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    Molecular “cartoons,” such as pathway diagrams, provide a visual summary of biomedical research results and hypotheses. Their ubiquitous appearance within the literature indicates their universal application in mechanistic communication. A recent survey of pathway diagrams identified 64,643 pathway figures published between 1995 and 2019 with 1,112,551 mentions of 13,464 unique human genes participating in a wide variety of biological processes. Researchers generally create these diagrams using generic diagram editing software that does not itself embody any biomedical knowledge. Biomedical knowledge graphs (KGs) integrate and represent knowledge in a semantically consistent way, systematically capturing biomedical knowledge similar to that in molecular cartoons. KGs have the potential to provide context and precise details useful in drawing such figures. However, KGs cannot generally be translated directly into figures. They include substantial material irrelevant to the scientific point of a given figure and are often more detailed than is appropriate. How could KGs be used to facilitate the creation of molecular diagrams? Here we present a new approach towards cartoon image creation that utilizes the semantic structure of knowledge graphs to aid the production of molecular diagrams. We introduce a set of “semantic graphical actions” that select and transform the relational information between heterogeneous entities (e.g., genes, proteins, pathways, diseases) in a KG to produce diagram schematics that meet the scientific communication needs of the user. These semantic actions search, select, filter, transform, group, arrange, connect and extract relevant subgraphs from KGs based on meaning in biological terms, e.g., a protein upstream of a target in a pathway. To demonstrate the utility of this approach, we show how semantic graphical actions on KGs could have been used to produce three existing pathway diagrams in diverse biomedical domains: Down Syndrome, COVID-19, and neuroinflammation. Our focus is on recapitulating the semantic content of the figures, not the layout, glyphs, or other aesthetic aspects. Our results suggest that the use of KGs and semantic graphical actions to produce biomedical diagrams will reduce the effort required and improve the quality of this visual form of scientific communication

    A new method for the estimate of H_0 from quadruply imaged gravitational lens systems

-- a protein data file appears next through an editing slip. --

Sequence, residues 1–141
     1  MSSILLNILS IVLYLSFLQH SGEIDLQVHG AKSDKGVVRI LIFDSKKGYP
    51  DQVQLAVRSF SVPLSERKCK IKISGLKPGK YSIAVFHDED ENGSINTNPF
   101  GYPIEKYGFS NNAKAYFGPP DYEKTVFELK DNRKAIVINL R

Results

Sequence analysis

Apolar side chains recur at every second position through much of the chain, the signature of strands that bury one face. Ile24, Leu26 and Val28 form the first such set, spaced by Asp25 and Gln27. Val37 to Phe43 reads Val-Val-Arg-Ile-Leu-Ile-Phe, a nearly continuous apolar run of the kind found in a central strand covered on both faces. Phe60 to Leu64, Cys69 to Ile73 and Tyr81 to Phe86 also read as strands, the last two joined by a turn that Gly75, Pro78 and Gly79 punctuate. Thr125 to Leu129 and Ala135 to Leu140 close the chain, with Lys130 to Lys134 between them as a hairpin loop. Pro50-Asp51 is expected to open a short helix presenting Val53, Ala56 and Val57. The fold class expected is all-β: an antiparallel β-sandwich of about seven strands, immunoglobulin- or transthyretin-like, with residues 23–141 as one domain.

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    We present a new method to estimate the Hubble constant H_0 from the measured time delays in quadruply imaged gravitational lens systems. We show how it is possible to get an estimate of H_0 without the need to completely reconstruct the lensing potential thus avoiding any a priori hypotheses on the expression of the galaxy lens model. Our method only needs to assume that the lens potential may be expressed as r^{\alpha} F(\theta), whatever the shape function F(\theta) is, and it is thus able to fully explore the degeneracy in the mass models taking also into account the presence of an external shear. We test the method on simulated cases and show that it does work well in recovering the correct value of the slope \alpha of the radial profile and of the Hubble constant H_0. Then, we apply the same method to the real quadruple lenses PG1115+080 and B1422+231 obtaining H_0 = 58_{-15}^{+17} km/s/Mpc (68% CL).Comment: 12 pages, 5 figures, accepted for publication on Astronomy & Astrophysic

    Spatial and Temporal Analysis of Gene Expression during Growth and Fusion of the Mouse Facial Prominences

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    Orofacial malformations resulting from genetic and/or environmental causes are frequent human birth defects yet their etiology is often unclear because of insufficient information concerning the molecular, cellular and morphogenetic processes responsible for normal facial development. We have, therefore, derived a comprehensive expression dataset for mouse orofacial development, interrogating three distinct regions – the mandibular, maxillary and frontonasal prominences. To capture the dynamic changes in the transcriptome during face formation, we sampled five time points between E10.5–E12.5, spanning the developmental period from establishment of the prominences to their fusion to form the mature facial platform. Seven independent biological replicates were used for each sample ensuring robustness and quality of the dataset. Here, we provide a general overview of the dataset, characterizing aspects of gene expression changes at both the spatial and temporal level. Considerable coordinate regulation occurs across the three prominences during this period of facial growth and morphogenesis, with a switch from expression of genes involved in cell proliferation to those associated with differentiation. An accompanying shift in the expression of polycomb and trithorax genes presumably maintains appropriate patterns of gene expression in precursor or differentiated cells, respectively. Superimposed on the many coordinated changes are prominence-specific differences in the expression of genes encoding transcription factors, extracellular matrix components, and signaling molecules. Thus, the elaboration of each prominence will be driven by particular combinations of transcription factors coupled with specific cell:cell and cell:matrix interactions. The dataset also reveals several prominence-specific genes not previously associated with orofacial development, a subset of which we externally validate. Several of these latter genes are components of bidirectional transcription units that likely share cis-acting sequences with well-characterized genes. Overall, our studies provide a valuable resource for probing orofacial development and a robust dataset for bioinformatic analysis of spatial and temporal gene expression changes during embryogenesis